The Energy [R]evolution shows us how going beyond oil is possible. Today we took our message to world leaders at the World Energy Congress in Montreal. (Picture)
Syncrude Canada chairman Marcel Coutu stood before a business-friendly Vancouver lunch crowd and fired a salvo in defence of the Alberta tarsands giant's environmental record.
"A lot of you may not have heard about us until the last five years." Coutu told a Vancouver Board of Trade meeting Thursday. "There's been a lot said in the press, a lot of it not very flattering, and that's the reason why we've had to take up the communication task of countering some of those exaggerations."
Coutu, who also is president and CEO of Canadian Oil Sands Ltd., took pains to point to the environmental improvements tarsands companies have made over recent years.... Read more »
This PDF document provides quotes which show misinformation and blatant government deceit around tar sands issues, such as the following quote:
“My scientists are telling me that the amount of compounds that can be detected in the Athabasca River at this point in time are not a concern and are of insignificant levels...The fact remains that there are naturally occurring substances in the water. And if we had never set foot in the region those kinds of results would still be there.”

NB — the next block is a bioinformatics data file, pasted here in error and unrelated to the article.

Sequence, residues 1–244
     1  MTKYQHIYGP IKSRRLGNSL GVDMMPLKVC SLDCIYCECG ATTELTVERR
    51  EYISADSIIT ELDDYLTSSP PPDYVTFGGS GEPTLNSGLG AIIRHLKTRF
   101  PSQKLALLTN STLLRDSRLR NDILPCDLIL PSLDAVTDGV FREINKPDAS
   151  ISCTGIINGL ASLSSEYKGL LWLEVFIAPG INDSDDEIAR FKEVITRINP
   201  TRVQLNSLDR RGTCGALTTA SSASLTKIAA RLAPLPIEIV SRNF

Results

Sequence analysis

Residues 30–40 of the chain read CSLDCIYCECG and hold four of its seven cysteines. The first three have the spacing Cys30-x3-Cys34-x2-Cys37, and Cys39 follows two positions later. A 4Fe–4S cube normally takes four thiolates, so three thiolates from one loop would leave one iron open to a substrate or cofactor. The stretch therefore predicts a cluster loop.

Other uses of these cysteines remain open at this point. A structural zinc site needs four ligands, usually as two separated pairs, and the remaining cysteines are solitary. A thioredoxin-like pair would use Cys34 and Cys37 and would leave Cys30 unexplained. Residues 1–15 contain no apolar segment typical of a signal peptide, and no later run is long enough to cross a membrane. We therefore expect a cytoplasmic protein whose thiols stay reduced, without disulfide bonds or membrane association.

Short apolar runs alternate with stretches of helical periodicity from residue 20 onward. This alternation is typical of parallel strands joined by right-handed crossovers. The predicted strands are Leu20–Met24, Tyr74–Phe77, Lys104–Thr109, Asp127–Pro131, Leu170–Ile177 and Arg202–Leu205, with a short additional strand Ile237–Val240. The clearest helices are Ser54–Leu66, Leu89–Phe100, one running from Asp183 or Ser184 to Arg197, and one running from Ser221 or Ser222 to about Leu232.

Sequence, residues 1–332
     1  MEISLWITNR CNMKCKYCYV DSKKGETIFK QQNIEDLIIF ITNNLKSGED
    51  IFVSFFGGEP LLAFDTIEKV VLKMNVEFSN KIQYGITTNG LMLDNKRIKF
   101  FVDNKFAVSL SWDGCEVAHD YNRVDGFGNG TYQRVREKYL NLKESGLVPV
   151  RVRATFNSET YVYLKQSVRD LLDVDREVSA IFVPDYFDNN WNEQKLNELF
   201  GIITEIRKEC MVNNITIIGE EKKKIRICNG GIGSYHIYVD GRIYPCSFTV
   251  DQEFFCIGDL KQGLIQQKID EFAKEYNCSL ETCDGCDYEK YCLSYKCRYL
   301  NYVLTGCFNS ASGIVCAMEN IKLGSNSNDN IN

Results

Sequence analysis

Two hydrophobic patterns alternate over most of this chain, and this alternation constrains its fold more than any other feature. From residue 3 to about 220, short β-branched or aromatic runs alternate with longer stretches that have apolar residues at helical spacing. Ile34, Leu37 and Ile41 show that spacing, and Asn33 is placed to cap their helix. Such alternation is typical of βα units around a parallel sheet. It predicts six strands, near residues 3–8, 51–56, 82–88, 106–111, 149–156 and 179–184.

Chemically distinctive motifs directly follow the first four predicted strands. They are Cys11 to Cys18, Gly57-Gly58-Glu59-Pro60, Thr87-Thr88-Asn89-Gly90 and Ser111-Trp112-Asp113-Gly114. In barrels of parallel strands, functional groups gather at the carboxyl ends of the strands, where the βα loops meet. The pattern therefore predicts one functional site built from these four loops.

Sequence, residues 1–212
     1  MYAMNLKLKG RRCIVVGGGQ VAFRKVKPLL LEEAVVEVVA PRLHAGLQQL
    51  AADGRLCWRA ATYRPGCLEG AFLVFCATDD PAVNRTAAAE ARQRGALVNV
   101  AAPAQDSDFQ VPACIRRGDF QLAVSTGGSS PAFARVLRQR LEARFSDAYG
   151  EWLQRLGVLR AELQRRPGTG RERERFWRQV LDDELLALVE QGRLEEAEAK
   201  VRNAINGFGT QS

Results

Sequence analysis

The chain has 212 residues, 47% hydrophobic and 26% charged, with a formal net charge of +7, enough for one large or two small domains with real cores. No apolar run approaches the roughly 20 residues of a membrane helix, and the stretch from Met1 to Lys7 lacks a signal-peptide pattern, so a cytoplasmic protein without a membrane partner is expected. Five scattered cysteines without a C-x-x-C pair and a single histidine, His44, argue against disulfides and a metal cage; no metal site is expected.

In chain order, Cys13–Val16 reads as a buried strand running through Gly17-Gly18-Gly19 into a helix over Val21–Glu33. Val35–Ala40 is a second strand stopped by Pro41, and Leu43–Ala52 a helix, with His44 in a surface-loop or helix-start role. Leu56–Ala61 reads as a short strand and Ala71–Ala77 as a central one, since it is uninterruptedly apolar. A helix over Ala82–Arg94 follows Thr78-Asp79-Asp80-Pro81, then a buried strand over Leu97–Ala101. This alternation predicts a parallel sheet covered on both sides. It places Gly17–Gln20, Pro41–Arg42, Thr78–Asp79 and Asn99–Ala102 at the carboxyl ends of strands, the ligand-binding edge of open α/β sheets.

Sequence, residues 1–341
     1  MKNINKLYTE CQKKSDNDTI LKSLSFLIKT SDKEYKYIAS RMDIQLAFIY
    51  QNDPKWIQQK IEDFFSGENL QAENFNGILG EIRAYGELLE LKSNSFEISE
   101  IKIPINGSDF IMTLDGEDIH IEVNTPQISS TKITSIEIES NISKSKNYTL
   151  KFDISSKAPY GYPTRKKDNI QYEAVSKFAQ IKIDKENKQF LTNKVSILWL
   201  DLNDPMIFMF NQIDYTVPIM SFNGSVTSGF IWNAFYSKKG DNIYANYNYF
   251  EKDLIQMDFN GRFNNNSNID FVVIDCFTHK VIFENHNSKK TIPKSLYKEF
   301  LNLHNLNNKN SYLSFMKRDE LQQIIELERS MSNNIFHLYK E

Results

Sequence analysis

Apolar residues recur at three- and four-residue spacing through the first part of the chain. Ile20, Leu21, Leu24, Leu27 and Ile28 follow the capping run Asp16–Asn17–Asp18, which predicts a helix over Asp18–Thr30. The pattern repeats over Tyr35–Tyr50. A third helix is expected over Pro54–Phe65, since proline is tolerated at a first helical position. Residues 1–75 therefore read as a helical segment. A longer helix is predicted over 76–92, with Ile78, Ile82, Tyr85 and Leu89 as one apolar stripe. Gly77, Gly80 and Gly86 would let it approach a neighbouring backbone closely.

– Rob Renner
Download the PDF here to read the misinformationa and the truth side by side.
Thanks to Greenpeace and all the quote providers for putting this together.
With Alberta Environment taking well over two years to charge Suncor for the storm water runoff incident, it reveals a half-hearted approach and bias by the Albertan government to conceal how the interests of tar sands corporations trump the need for action in the public interest.
The Albertan government needs to show accountability and transparency to the public in their actions by supporting independent monitoring of tar sands operations and tailing ponds, and rescind the policy that allows companies to police themselves.... Read more »
CALGARY -- The government of the Canadian province of Alberta said Thursday it has laid nine charges against Suncor Energy Inc, alleging the company failed to properly manage storm water runoff at a construction site in northern Alberta’s oil sands in May 2008.
Alberta said in a release that the company did not follow a water-management plan after storm water, a mix of water and dirt from the Voyageur upgrader construction site flowed into the Athabasca River.
Suncor, which could not be immediately reached for comment, is also alleged to have provided misleading information to Alberta’s environment department about the runoff.
The charges will be heard in a Fort McMurray, Alberta, court on Nov. 3. They carry a total maximum fine of $500,000.